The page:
Ode to Old Bay

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I often find myself transfixed by stories that reveal the Jewish origins of things not typically associated with Jews or Judaism. The Forward often publishes such stories under the heading of “The Secret Jewish History of … ” and subjects range from Chinese New Year to The Who. So when I discovered we had our own such story hiding in plain sight, I knew we’d have to dig into it.

Baltimore’s beloved Old Bay, the subject of Connor Graham’s cover story this week, has some remarkably Jewish origins, with a creator who fled the Nazis and made a new life in America. Connor caught up with Ralph Brunn, the 93-year-old son of Old Bay inventor Gustav Brunn, to get the family’s story.


As you’ll read, the fact that Old Bay was created in Baltimore is a result both of luck and ingenuity. The family was spared during Kristallnacht, and though Gustav was imprisoned at Buchenwald, his wife was able to pay his way out when it was just a detention camp.

After that close call, the family immigrated to Baltimore, where Gustav created Old Bay after a brief stint at McCormick. (Ironically, after years of acquisitions, McCormick now owns Old Bay.)


While Gustav Brunn’s story is unique in many ways, as all individual histories are, its overarching themes of survival and industriousness, more easily seen in hindsight, are universal. The quick thinking and adaptability, in particular, shaped the Jewish experience both ahead of World War II and during the Holocaust, as well as when the Jewish people made their homes in new lands.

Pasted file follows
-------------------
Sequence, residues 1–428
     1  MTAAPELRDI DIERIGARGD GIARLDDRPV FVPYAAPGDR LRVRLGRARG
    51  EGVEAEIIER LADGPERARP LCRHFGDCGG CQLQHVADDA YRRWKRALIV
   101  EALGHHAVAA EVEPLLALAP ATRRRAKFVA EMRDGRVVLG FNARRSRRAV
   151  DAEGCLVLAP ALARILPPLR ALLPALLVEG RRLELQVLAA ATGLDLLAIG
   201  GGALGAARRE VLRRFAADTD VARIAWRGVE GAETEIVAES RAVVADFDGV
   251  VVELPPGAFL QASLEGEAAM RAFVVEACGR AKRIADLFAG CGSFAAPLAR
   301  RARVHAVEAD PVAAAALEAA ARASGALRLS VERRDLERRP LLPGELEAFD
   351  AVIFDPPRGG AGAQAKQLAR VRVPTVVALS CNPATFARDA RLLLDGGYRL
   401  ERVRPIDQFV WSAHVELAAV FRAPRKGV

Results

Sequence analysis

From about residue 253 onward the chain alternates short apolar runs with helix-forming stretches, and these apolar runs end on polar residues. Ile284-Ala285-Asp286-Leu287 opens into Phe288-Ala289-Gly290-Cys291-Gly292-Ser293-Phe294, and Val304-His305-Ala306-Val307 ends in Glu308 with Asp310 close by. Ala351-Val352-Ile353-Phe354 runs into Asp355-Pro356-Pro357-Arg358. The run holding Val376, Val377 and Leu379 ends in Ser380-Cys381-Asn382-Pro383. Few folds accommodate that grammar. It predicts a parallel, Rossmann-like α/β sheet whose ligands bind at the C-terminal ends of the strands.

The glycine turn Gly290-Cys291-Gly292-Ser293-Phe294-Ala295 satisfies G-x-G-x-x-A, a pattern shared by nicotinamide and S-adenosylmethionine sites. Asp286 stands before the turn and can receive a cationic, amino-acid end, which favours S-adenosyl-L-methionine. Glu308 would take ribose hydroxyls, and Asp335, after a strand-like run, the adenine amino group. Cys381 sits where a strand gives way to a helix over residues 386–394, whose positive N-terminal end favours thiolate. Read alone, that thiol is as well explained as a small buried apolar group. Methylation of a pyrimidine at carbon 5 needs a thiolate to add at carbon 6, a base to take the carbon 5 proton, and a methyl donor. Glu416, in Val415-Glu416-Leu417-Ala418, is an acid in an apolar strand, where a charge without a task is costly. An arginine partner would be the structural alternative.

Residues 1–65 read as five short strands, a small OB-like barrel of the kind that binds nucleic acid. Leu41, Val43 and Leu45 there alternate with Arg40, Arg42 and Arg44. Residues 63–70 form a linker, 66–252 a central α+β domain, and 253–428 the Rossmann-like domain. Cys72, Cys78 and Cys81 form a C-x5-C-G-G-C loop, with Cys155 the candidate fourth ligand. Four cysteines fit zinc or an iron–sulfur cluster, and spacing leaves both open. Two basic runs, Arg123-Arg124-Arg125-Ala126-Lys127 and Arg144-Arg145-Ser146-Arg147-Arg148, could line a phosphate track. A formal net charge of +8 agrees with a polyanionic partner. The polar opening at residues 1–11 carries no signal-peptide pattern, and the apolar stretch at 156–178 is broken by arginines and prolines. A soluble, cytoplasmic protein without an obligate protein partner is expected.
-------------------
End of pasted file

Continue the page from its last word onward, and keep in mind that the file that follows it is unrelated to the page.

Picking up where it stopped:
Elsewhere in this issue, Andy Belt writes about Notre Dame of Maryland University’s new art therapy major, which was launched recently in conjunction with an exhibit of artwork made in concentration camps. The art was not only therapeutic in bringing light to some of the darkest of places, but it served as documentation, demonstrating how powerful the medium can be.

“The fact that it exists is pretty miraculous,” said art therapist and doctoral candidate Elizabeth Hlavek. “I think it should be celebrated. As survivors pass away or are at the end of their life, it serves as the next best thing as a personal testimony.”

In addition, with Passover approaching, we’ve rounded up what you’ll find on local grocery stores’ shelves and where to get ready-made meals. As you’ll read, there are a lot of options for making Seders this year, including a number of new products to enhance the experience. And thanks to some generous readers, you can get some kosher Old Bay recipes here!

Shabbat Shalom and happy reading.

mshapiro@midatlanticmedia.com

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